Tag Archives: who listens to the radio?

Race the Loser

Saturday is my day of musical adventure and today I feel like uncovered a rare gem in the form of Lau, who recently released their third long player, Race the Loser. Hailing from Scotland, Lau offer one of the most exciting takes on traditional music, I am yet to come across. Hypnotic & exquisite are two words that come to mind… here’s two clips to show what I mean.

There’s something about discovering new music that makes the blood quicken…

 

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Tonight, The Necks!

Tonight, the Brisbane Powerhouse will showcase the improvisational might of The Necks. For mine, they are one of the most transcendent live acts on the planet. Here’s an early clip of them (from way back in 1989) playing the piece, Royal Family, which was used in the Kevin Lucas film, Beyond El Rocco.

But if you want a real hit, check the band out playing live at the Factory Theatre in 2008. This set is called Pop Will Eat Himself and it is magnificent!

 

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Wake up, it’s Sunday!

If you are struggling today, here’s a hit of Okkervil River from their latest album, I Am Very Far. The day is ahead of you… so come on, take Will Sheff’s advice, Wake And Be Fine.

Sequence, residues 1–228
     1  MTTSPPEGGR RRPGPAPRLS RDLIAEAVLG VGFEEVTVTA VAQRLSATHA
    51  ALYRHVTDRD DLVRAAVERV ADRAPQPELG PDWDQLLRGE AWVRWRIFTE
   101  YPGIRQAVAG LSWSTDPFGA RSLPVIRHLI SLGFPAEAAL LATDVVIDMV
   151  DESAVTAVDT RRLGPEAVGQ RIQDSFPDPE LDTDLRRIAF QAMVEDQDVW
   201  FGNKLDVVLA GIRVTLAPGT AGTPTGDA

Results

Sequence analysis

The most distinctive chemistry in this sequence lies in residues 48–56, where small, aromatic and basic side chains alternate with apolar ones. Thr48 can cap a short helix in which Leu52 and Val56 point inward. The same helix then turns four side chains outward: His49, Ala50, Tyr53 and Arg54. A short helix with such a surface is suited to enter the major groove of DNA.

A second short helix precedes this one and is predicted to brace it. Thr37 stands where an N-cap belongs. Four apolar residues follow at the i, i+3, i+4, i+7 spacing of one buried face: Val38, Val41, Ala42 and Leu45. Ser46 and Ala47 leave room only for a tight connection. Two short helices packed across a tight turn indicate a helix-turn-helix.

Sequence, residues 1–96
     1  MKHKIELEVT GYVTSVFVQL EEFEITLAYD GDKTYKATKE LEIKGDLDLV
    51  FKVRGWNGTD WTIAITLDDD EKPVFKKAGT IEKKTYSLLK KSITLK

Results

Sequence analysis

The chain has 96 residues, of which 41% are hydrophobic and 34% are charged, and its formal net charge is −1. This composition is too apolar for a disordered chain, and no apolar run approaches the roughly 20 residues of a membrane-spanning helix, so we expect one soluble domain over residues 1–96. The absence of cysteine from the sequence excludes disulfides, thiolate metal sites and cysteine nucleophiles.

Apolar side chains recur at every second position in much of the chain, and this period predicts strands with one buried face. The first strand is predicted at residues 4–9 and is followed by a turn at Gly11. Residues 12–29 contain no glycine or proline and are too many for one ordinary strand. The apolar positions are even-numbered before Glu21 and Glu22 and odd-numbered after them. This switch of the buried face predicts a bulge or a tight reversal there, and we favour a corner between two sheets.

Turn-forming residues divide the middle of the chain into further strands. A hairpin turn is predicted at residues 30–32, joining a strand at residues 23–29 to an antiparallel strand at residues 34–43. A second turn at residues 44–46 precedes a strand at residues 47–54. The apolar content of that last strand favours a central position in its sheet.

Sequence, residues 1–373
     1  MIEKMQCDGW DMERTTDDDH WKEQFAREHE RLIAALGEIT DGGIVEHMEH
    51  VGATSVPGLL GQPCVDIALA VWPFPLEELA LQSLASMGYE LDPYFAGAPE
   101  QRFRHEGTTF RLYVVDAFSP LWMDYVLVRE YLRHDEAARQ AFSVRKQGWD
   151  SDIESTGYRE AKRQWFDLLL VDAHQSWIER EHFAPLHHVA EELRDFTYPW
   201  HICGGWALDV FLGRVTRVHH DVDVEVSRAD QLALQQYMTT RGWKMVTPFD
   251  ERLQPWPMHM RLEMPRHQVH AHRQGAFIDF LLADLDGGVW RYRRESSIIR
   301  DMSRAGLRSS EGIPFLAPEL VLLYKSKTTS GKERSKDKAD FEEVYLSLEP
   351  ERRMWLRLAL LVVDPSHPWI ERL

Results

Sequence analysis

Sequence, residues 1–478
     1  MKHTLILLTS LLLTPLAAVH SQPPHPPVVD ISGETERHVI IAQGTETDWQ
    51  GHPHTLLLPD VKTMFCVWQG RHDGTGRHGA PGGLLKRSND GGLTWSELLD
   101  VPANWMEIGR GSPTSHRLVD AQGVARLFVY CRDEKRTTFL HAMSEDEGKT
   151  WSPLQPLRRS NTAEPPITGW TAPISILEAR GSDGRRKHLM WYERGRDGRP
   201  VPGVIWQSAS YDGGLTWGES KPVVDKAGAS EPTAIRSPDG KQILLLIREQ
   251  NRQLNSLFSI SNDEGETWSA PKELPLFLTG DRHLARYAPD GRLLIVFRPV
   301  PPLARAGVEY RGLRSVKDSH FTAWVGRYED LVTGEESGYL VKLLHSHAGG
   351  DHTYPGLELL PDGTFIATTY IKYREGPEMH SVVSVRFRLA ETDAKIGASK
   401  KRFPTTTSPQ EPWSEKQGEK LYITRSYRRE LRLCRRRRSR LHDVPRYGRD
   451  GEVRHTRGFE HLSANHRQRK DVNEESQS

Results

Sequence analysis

SpeedPoets is waiting for you…

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The Besnard Lakes are…

playing at The Zoo tonight and this Lost Shark is excited to say, he will be there to soak up their psychedelic wave of sound. Their recent album, The Besnard Lakes Are The Roaring Night is an epic album of distortion, heavy rhythms and melodic charm… something like what I imagine Brian Wilson would sound like, if David Lynch wrote and produced the album. And let’s face it, Jace Lascek has one of the best falsettos in the music industry and I am a sucker for a soaring falsetto. Here’s a clip of them roaring on stage in the QTV studios playing ‘And This Is What We Call Progress’.

 

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The Thing!

On Thursday night I experienced The Thing, live at The Judith Wright Centre as part of their Syncretism series. And I mean experienced, physically!

From the moment Mats Gustafsson, blew the first savage breath into the mouthpiece of his baritone sax, my skin prickled and I was moving, laughing, hooting. Ingebrigt Haker-Flaten was plucking and slapping at his bass strings, at times, stretching them to the point of distortion while Paal Nilssen-Love was a flurry of syncopated rhythms and splashing cymbals.  They were out of the blocks faster than a rabbit on a greyhound track, playing for their lives, attacking their individual instruments with equal parts fire and dexterity and in the process redefining the possibility of wood, metal, muscle and breath. The joyous force these three men generated was transformative… the crowd surging along with them until the final silence. Simply put, it was a thrill!

Here’s a clip of the band playing live in Budapest. C’mon, give yourself over to The Thing:

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How to brighten your Saturday